• Show TV Channels

    Hide TV Channels

    TV
  • Show Radio Channels

    Hide Radio Channels

    Radio
  • Show Years

    Hide Years

    Year
  • Issues

Close group

Close group

Day Navigation

Listings

: COMEDY AND SONG CYCLE

OLIVE MURPHY (Soprano) ; KATHLEEN ELLIS (Contralto); JACK WILDMAN (Tenor) ;
WILLIAM HAYLE (Baritone)
THE STATION QUINTET, directed by CECIL MOON
' THE LASS OF RICHMOND HILL '
A Comedy of Yorkshire, with Music. Written by MAX KESTER
EVERY listener has, at least once, heard the old song 'The Lass of Richmond Hill. " but few realize that it is not the Richmond in Surrey which is meant, but the old town in the North Riding of Yorkshire. The lass of Richmond Hill was a real person : her name was Frances
I'Anson, and the house where she lived still stands at the top of Frenchgate, Richmond.
Our sketch this evening attempts to show how this old song came to be written.
THE QUINTET
Suite, ' Three Bohemian Dances . Smetana
' THE MOUNTEBANKS '
A Song Cycle by HELEN TAYLOR and EASTHOPE
MARTIN
Preamble ; Episode
Croon (Contralto), ' Dusk of Dreams
Advertisement (Baritone), ' The Quack Doctor Quartet, 'The Heartrending Story ' Romance (Tenor), The Minstrel ' Rondo (Soprano), Jingle Hat' ,
Quartet, ' Here Today and Gone Tomorrow

Contributors

Soprano: Kathleen Ellis
Contralto: Jack Wildman
Tenor: William Hayle
Directed By: Cecil Moon
Written By: Max Kester
Unknown: Richmond Hill.
Unknown: Richmond Hill
Unknown: Helen Taylor
Frances I'Anson (the Lass): Olive Murphy
William I'Anson (Her Father): William Hayle
Dorothy Pearson (Her Companion): Kathleen Ellis
- Leonard MacNally (a Poet): Jack Wildman
Ned Buckley (A Town Gentleman): R. D. Green








About this project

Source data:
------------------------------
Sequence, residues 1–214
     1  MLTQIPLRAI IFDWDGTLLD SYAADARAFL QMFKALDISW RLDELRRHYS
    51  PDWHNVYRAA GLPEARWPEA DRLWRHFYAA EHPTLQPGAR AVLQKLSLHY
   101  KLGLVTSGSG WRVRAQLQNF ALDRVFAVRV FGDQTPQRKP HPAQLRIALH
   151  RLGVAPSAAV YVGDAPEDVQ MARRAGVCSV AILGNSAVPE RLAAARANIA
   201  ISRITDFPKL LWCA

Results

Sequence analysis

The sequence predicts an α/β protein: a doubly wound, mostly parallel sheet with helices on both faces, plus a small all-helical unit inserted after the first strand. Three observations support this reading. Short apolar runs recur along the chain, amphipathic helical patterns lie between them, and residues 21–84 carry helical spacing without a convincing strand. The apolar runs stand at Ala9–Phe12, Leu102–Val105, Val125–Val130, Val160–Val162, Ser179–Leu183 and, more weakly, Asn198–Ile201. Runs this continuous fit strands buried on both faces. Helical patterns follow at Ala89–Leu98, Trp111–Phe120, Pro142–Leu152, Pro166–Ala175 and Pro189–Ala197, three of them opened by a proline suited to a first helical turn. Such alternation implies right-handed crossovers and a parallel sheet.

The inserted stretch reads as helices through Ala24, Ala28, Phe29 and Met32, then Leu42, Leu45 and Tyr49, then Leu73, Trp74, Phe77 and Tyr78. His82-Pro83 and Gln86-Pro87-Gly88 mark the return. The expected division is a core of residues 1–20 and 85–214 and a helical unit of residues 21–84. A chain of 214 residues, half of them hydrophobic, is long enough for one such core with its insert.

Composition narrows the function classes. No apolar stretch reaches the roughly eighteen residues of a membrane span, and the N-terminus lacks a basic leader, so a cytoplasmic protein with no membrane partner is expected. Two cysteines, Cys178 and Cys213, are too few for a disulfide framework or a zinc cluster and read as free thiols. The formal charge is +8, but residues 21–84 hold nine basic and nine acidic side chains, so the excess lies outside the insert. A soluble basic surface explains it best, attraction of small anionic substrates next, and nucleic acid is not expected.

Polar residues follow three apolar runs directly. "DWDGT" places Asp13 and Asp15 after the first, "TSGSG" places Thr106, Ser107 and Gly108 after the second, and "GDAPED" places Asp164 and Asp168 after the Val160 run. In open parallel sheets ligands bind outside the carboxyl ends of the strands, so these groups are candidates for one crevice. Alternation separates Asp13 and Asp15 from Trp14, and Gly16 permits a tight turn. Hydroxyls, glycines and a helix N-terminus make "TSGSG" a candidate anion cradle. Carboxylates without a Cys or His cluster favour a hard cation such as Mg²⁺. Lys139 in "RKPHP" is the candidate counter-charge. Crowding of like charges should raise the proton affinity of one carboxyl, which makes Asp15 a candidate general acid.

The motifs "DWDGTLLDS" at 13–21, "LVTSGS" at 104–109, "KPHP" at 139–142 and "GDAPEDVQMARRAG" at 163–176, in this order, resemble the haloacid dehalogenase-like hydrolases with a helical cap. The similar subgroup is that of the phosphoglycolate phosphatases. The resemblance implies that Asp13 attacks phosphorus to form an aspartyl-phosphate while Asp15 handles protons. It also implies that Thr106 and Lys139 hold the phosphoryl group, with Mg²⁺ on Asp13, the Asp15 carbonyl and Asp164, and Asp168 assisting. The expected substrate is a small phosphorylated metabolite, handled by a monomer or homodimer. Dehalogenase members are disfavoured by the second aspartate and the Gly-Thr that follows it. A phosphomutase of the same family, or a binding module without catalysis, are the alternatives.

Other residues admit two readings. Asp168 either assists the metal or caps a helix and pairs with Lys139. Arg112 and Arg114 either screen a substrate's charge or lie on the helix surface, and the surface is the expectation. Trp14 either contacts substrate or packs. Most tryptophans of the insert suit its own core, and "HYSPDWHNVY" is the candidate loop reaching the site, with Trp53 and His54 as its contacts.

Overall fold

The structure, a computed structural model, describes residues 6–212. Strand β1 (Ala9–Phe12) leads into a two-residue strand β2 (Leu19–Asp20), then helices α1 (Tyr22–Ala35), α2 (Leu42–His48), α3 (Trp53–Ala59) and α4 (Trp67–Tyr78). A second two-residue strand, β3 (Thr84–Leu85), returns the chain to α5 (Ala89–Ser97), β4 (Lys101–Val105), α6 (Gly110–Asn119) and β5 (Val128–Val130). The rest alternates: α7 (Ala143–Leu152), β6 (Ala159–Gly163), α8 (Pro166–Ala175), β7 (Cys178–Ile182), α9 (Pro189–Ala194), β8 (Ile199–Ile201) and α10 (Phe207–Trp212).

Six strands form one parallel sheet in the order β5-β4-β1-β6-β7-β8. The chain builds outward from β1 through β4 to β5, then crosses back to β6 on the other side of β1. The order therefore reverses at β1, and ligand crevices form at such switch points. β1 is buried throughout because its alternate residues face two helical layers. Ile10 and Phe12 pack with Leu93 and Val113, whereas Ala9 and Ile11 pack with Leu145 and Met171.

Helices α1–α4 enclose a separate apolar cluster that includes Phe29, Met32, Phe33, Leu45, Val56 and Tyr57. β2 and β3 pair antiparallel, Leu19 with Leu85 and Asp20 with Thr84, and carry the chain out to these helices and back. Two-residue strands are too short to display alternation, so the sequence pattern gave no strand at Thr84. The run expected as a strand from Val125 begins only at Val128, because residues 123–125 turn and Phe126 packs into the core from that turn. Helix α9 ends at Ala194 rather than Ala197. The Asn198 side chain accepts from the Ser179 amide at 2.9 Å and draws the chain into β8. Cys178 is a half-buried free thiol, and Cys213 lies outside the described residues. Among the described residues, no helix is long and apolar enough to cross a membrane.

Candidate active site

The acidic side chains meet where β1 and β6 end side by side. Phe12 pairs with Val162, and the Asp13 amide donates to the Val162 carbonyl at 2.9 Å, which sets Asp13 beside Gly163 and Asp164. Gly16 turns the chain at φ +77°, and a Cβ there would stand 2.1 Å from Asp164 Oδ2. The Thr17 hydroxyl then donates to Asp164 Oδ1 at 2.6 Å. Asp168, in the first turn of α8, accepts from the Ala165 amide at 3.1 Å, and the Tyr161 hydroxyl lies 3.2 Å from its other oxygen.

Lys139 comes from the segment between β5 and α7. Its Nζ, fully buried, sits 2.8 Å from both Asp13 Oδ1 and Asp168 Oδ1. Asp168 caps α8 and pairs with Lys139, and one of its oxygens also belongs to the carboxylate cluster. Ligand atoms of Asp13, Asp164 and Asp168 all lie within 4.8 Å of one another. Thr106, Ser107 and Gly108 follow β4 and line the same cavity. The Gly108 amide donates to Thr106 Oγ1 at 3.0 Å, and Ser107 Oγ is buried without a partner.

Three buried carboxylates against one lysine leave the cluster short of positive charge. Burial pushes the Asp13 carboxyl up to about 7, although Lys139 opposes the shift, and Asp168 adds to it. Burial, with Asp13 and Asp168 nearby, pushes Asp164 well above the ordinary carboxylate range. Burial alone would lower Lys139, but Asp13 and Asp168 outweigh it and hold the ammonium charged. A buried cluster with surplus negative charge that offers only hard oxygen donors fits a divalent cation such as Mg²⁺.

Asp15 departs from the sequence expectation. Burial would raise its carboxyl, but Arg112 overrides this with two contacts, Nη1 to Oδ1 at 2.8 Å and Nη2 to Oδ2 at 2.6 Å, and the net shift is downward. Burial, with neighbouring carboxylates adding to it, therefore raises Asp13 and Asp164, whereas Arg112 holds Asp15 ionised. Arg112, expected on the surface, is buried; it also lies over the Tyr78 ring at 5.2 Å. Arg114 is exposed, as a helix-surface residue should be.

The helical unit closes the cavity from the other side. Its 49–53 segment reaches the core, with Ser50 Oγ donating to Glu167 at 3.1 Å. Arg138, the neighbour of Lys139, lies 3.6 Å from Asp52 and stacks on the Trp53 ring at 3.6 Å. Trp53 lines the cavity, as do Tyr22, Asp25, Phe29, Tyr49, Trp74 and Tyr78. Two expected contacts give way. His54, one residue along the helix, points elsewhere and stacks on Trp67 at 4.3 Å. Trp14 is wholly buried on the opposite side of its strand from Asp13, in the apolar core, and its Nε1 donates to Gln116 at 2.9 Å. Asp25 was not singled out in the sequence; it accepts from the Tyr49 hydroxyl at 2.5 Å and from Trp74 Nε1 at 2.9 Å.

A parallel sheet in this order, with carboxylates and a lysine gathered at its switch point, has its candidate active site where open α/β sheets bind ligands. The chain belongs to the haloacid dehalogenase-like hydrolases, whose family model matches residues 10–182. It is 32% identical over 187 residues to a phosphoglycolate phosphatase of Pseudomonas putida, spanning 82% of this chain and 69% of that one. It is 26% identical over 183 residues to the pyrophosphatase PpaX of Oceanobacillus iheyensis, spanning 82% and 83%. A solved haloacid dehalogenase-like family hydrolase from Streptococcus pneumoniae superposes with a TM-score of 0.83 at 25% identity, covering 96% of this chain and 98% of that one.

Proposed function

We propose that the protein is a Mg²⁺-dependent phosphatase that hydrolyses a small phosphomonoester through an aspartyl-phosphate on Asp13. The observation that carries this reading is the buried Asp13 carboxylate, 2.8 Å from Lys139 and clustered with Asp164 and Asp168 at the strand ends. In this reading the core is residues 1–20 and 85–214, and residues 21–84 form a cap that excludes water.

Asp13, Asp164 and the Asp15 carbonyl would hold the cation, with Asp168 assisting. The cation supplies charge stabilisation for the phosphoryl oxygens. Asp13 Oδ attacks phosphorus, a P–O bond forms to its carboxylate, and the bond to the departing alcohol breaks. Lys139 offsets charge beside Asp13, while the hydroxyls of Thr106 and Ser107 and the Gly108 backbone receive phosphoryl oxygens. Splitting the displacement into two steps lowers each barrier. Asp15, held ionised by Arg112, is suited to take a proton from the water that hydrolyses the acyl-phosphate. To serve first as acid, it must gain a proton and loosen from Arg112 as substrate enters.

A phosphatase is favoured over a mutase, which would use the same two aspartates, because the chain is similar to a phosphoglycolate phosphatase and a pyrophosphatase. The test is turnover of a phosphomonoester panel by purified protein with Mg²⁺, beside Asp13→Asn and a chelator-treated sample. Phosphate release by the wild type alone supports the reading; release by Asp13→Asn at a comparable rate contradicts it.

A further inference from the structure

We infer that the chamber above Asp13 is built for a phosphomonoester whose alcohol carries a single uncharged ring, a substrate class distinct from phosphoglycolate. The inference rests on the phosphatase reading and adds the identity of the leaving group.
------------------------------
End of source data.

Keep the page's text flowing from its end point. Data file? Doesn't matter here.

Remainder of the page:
This site contains the BBC listings information which the BBC printed in Radio Times between 1923 and 2009. You can search the site for BBC programmes, people, dates and Radio Times editions.

We hope it helps you find information about that long forgotten BBC programme, research a particular person or browse your own involvement with the BBC.

Through the listings, you will also be able to use the Genome search function to find thousands of radio and TV programmes that are already available to view or listen to on the BBC website.

There are more than 5 million programme listings in Genome. This is a historical record of the planned output and the BBC services of any given time. It should be viewed in this context and with the understanding that it reflects the attitudes and standards of its time - not those of today.

To read scans of the Radio Times magazines from the 1920s, 30s, 40s and 50s, you can navigate by issue.

Welcome to BBC Genome

Genome is a digitised version of the Radio Times from 1923 to 2009 and is made available for internal research purposes only. You will need to obtain the relevant third party permissions for any use, including use in programmes, online etc.

This internal version of Genome, which includes all the magazine covers, images and articles as well as the programme listings from the Radio Times, is different to the version of BBC Genome that is available externally/to the public. It is only available inside the BBC network.

Your use of this version of Genome is covered by the BBC Acceptable Use of Information Systems Policy and these terms.

BBC Guidance

This historical record contains material which some might find offensive
Continue Cancel